In truth, most urban development today still harms nature. But designing, planning, building, renovating and managing cities with nature-positive interventions is arguably one of the most feasible approaches for tackling climate change and biodiversity loss, argues Elizabeth Mrema, Executive Secretary, United Nations Convention on Biological Diversity.
How mayors are shifting the climate agenda
In her 2019 book, the Case For the Green New Deal, economist Ann Pettifor predicted that: ‘sooner rather than later, the world is going to be faced with a shuddering shock to the system….the question then will be: what comes next?’ The world was not prepared for the crisis of 2007–2009, she argued, so it didn’t lead to political responses that built something different and better. This time we must be clear about what kind of a world we want.
A year later that shock to the system has certainly happened. So are we clear on what kind of a world we want, and are we responding any better now than in 2009?
At the beginning of May this year, 38 global mayors released a statement of principles for shaping the recovery from the COVID-19 crisis; a vision for the future based on public investment, climate action, equity and community resilience. By July a task force of 10 global mayors had developed these principles into the C40 Mayors Agenda for a Green and Just Recovery, outlining the actions needed to deliver the vision. Mayors will lead on green and inclusive jobs, providing fundamental public services and giving public space back to people and nature.
This agenda signals a marked divergence from the thinking prevailing in many countries before the crisis, in which neoliberal economics cut public services and pursued profit-increasing economic growth regardless of the cost to the majority of people and the planet we rely on to survive. Is such a paradigm shift really achievable, and how? Pettifor quotes systems-thinker Donella Meadows:
‘You keep pointing at the anomalies and failures in the old paradigm, you keep speaking louder and with assurance from the new one, you insert people with the new paradigm in places of visibility and power.’
Global mayors have been doing exactly that. They are clear about the failures of the old paradigm; their agenda states that there must be no return to a ‘business as usual’ that would put the world on track for 3℃ of heating, and there must be an end to public investment in fossil fuels. As for making the new paradigm visible, the work of shifting to a cleaner and more equitable economy was underway in global megacities before the green recovery was thought of. The city of Los Angeles began its Green New Deal in April 2019, and immediately set a direction by announcing the closure of gas plants and large scale expansion of renewable energy. Similarly, Amsterdam is pioneering the ‘Doughnut’ economic model to achieve its vision of becoming a ‘thriving, regenerative and inclusive city for all citizens, while respecting planetary boundaries.’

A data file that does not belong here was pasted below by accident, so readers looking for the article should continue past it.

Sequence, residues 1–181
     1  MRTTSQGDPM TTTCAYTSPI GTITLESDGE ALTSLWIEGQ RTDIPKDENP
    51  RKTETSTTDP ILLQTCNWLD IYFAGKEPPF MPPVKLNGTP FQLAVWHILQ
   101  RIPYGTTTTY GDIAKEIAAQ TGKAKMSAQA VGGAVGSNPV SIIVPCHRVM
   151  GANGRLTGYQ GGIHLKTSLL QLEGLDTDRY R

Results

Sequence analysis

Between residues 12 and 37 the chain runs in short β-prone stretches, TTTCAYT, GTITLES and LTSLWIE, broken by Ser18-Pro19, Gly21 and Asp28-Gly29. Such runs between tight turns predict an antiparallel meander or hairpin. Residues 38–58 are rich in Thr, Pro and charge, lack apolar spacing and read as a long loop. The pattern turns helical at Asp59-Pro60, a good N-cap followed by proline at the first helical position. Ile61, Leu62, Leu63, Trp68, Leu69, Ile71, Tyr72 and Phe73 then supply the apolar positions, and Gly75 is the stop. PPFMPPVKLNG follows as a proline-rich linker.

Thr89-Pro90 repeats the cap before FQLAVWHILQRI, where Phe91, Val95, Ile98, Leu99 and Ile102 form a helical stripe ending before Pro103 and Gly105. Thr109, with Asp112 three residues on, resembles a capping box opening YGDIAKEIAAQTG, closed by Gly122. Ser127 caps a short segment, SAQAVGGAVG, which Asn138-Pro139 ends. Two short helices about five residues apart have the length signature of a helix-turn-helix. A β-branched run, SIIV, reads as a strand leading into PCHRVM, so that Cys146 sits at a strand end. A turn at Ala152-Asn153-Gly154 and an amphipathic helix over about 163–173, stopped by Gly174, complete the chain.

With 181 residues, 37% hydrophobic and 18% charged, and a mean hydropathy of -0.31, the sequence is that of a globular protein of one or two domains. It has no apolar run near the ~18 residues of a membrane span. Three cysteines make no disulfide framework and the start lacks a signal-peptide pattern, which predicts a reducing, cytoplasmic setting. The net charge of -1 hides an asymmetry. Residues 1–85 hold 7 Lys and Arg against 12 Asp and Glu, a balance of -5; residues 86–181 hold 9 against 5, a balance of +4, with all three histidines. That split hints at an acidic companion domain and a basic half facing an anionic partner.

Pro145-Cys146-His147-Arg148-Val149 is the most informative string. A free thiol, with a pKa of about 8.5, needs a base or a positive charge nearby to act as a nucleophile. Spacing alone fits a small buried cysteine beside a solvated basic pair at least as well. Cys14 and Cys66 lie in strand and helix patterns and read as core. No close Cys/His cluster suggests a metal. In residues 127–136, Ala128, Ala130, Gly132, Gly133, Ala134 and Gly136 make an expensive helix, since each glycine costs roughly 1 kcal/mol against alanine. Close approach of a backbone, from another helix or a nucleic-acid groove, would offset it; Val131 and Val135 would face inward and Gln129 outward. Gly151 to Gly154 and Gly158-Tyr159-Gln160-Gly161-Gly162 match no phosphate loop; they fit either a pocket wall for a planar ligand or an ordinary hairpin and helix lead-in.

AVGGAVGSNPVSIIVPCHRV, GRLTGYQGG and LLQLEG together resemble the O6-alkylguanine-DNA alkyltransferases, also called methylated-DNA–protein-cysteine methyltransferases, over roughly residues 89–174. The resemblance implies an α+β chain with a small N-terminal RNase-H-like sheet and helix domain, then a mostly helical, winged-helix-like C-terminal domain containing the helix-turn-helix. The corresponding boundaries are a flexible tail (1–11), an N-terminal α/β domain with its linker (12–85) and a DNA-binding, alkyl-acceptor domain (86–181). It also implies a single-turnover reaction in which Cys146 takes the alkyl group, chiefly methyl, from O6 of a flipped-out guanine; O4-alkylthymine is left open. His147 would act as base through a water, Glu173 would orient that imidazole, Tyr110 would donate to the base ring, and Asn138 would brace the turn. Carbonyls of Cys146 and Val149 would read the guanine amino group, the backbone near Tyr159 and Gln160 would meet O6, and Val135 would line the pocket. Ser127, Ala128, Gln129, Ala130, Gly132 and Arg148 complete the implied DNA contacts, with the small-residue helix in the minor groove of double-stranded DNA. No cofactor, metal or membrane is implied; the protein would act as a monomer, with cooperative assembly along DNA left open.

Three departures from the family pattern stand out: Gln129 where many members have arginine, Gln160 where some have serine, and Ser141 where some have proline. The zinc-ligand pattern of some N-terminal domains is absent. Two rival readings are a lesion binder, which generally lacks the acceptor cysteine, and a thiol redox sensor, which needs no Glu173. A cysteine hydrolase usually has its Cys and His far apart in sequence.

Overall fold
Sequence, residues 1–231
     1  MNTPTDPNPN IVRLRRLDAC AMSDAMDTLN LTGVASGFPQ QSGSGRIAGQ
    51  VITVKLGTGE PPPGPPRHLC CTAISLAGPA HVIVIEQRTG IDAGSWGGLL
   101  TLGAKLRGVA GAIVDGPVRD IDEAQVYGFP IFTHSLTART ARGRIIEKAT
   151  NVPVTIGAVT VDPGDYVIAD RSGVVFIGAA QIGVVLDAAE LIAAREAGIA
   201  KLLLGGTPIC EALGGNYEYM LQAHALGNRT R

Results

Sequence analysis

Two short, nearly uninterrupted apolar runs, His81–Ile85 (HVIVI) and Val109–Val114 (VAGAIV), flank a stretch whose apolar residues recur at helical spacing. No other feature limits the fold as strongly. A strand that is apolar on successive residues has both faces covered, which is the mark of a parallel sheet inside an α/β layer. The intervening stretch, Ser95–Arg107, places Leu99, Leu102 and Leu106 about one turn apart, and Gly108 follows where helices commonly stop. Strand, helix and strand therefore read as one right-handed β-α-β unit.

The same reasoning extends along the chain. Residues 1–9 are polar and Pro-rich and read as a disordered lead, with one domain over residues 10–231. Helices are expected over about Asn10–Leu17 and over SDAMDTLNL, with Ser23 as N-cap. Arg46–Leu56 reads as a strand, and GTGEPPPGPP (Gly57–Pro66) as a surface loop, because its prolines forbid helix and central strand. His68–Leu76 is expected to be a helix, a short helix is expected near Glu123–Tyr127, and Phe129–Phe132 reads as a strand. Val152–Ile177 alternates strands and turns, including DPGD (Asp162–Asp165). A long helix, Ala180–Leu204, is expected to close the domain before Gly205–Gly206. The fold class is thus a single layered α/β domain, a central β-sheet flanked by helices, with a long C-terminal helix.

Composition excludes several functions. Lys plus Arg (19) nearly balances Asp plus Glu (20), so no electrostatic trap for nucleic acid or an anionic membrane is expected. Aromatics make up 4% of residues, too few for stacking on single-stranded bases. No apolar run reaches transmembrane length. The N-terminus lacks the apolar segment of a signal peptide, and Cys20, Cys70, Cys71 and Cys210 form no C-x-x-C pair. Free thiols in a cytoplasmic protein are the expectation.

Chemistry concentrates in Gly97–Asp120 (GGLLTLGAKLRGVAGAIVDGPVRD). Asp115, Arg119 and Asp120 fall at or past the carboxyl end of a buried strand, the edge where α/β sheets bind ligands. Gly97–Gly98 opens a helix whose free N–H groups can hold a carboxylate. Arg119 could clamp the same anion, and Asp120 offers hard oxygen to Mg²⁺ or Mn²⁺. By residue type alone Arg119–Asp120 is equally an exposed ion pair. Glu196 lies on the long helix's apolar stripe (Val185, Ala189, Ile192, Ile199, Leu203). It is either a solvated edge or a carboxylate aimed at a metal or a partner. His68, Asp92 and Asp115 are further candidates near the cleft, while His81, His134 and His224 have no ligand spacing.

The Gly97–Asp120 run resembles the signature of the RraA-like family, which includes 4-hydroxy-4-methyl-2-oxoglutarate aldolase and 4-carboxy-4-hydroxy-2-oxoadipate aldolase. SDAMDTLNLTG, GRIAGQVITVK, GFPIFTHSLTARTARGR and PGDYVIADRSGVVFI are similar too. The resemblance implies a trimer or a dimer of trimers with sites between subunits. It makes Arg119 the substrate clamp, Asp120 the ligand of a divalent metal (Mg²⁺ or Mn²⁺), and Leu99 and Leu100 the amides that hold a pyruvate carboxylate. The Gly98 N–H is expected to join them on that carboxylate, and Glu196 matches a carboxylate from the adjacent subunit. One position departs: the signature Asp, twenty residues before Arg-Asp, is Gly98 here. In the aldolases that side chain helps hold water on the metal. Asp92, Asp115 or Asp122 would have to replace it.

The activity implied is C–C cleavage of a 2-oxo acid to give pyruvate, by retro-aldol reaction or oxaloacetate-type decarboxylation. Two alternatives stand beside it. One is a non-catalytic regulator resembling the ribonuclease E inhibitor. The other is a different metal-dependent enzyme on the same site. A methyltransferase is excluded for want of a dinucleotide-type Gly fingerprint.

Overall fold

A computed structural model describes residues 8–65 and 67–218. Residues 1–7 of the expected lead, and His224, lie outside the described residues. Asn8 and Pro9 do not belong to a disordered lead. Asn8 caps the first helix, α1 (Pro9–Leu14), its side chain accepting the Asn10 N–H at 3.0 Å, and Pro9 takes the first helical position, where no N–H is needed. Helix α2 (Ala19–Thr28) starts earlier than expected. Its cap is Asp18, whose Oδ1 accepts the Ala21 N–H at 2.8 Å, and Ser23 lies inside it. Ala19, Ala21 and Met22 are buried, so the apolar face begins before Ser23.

In the words of New Orleans Mayor Latoya Cantrell: ‘In the City of New Orleans with these green and blue infrastructure projects that are happening, [people are] seeing in real-time the impact, not only that it has on the communities in which they live….But also when you tie that to real jobs and allowing people to earn higher than a living wage where they can have access to quality health care, that’s showing them…when they can benefit, and they see the benefit, you can bring people along.’ In other words, mayors can speak with assurance about the new paradigm because they are already making it visible.
Of course, we need action on a green recovery from all levels of government and institutions, and mayors have been clear about what is needed: green stimulus packages and commitment to an equitable and inclusive recovery, investment in cities and in clean energy, protection for mass transit, and an end to investment in fossil fuels. But this isn’t just a case of cities picking up the slack from national governments. Far from it — they are the natural spaces for cultural and economic shifts to begin. Cities have long been centres of disruption; as the African urbanist Edgar Pieterse puts it, they are: ‘the cosmopolitan kitchens where cross-pollination and experimentation generate innovation and new cultural norms.’ If the transformation to an equitable and green economy is going to start anywhere, it will be in cities.
We can see this ambitious and progressive energy at work in the green recovery plans of C40 cities. Hong Kong has launched its Green Employment Scheme to create more than 1,000 jobs in environmental protection and a programme to fund IT solutions for developing remote business; Rotterdam is investing in the circular economy and working with its port to become a hydrogen-economy hub. Medellin will create 20,000 jobs in digital industries and a new metro line with the potential to generate thousands of new jobs. It is also investing in training for 25,000 people in science, technology and innovation, with an emphasis on women, youth and older people. Addis Ababa’s Light Rail Transit Project, not only gives the city a chance to avoid a traffic congested future, but has so far created over 5,000 jobs and will save 1.8 million tCo2e by 2030.
Cities are clear about the future they want and they are already showing what is possible. In 2020 we can build something different and better. The work has already begun.
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Shirley Rodrigues, Deputy Mayor for Environment and Energy and the Greater London Authority; Catherine McGuinness, Chair of the Policy and Resources Institute at the City of London Corporation; and Georgia Gould, Leader of Camden Council discuss the monumental challenge and opportunity of a net zero London.